Time to put the brakes on, Mr Shapps. Surely admitting to mistakes has got to be a better ­conclusion than more blood on your hands?


ON Tuesday, November 9, my ­second-born Ungrateful turns 21.

I know they say about kids ­growing up that you’ll blink and miss it. And while it’s been a hard slog with this one, this birthday has crept up on me like no other.

As some of you might know, Bo was born with CHD – congenital heart disease – which was ­diagnosed at my five-month anomaly scan.

At the time I was told the doctors just didn’t know if she would ­survive surgeries and, if she did, they could only hope she would live into her teens.

She has surpassed my and many people’s expectations.

There were long, hard times when there was no light at the end of the tunnel, when the task of keeping her alive seemed insurmountable, when I felt I would falter and could not go on.

But go on you do, because you’re a parent and the love is unconditional.

What carried me through the darkness – the weeks spent in ­hospital, sleeping on hospital floors, saying goodbye to her before open-heart surgeries and signing consent forms acknowledging risk – was the support of others. But especially strangers.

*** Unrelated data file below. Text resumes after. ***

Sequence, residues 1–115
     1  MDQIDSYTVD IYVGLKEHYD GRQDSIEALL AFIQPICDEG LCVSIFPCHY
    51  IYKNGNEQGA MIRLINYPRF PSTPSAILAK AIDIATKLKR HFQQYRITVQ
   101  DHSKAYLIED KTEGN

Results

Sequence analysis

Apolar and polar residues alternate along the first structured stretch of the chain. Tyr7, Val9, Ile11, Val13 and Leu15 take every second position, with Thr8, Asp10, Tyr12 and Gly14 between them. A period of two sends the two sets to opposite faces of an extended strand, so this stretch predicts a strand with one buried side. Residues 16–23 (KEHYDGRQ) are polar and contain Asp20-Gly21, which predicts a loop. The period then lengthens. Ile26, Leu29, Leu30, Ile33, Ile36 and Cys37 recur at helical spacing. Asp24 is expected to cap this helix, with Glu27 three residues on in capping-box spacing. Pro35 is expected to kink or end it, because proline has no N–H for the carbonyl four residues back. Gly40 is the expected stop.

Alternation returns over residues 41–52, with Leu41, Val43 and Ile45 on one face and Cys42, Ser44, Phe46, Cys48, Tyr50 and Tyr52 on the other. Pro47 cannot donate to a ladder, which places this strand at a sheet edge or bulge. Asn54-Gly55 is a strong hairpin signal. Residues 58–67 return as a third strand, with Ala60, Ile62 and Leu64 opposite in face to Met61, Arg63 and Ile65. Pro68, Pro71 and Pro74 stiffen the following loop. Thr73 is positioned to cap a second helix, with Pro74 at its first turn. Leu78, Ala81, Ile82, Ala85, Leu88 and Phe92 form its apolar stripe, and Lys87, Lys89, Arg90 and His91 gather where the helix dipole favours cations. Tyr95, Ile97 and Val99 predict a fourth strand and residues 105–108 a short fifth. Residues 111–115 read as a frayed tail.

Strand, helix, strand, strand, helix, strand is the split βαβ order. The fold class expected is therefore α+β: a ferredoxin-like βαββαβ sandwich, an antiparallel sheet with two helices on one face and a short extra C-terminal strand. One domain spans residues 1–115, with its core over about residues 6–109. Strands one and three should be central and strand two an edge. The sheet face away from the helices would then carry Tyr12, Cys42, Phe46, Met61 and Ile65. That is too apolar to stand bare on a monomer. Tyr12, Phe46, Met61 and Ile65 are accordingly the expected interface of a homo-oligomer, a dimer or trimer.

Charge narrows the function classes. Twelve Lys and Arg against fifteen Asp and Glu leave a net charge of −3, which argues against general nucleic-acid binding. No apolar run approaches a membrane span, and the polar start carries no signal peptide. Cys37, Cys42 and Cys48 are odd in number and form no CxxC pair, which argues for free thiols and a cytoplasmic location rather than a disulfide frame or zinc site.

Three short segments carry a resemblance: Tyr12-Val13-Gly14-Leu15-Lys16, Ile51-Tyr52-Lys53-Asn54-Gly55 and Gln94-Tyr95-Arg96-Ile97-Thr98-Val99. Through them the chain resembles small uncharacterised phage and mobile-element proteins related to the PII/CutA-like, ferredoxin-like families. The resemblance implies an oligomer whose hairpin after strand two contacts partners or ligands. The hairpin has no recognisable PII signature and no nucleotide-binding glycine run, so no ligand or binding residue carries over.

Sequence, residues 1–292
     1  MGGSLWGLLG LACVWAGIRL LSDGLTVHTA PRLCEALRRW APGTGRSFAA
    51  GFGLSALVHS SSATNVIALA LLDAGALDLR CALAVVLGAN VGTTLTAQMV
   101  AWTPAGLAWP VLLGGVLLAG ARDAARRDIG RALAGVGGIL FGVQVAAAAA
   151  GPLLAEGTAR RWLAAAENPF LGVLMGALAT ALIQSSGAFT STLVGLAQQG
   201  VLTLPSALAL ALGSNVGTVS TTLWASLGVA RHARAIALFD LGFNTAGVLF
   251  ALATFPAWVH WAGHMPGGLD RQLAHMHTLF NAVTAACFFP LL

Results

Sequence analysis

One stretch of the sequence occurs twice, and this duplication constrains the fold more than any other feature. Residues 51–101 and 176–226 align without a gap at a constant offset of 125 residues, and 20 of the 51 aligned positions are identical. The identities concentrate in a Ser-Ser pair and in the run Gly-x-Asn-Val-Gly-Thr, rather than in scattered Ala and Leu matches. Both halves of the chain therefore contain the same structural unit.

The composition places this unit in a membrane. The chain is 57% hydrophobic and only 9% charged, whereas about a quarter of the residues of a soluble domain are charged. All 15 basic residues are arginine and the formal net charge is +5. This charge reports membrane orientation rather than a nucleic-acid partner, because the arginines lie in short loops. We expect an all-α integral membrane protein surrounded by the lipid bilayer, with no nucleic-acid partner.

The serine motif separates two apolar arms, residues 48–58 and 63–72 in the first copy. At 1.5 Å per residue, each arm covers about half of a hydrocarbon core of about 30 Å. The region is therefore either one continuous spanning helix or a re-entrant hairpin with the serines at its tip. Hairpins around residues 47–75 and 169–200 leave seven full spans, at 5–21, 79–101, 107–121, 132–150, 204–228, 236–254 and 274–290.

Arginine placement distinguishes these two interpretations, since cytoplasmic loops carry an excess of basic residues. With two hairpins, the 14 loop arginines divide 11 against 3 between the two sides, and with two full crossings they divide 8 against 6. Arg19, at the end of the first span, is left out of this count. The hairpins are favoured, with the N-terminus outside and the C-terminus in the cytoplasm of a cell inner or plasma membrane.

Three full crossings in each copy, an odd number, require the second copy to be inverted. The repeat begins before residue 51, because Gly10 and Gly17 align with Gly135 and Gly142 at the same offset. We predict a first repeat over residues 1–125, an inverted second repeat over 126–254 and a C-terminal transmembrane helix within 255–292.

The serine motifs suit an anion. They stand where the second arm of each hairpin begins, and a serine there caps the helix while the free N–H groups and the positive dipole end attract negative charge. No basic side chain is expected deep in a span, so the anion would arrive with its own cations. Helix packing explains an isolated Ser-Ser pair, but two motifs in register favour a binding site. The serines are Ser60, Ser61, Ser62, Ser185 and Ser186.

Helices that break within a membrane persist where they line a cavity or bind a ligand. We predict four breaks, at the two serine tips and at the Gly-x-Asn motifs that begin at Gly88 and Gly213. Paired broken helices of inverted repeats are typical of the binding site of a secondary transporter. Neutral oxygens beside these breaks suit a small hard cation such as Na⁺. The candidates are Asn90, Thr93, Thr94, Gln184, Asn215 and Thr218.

I know they say about kids ­growing up that you’ll blink and miss it.

As a sleb, I spoke about her in the media before she was born and while she was having treatment and toddling her way through the bumpy road of life, dodging death many times.

And I cannot begin to describe how letters from complete strangers gave me comfort and offered me encouragement during those times when I felt at my lowest ebb. There was no social media in those early days.

Media was the social media. I can say with my hand on my reasonably shaped heart, that without that exposure and without that positive contact from families, parents and children who took the trouble to share their stories with me – who took the trouble to put pen to paper and impart their ­experiences – I seriously don’t know if I would have made it through.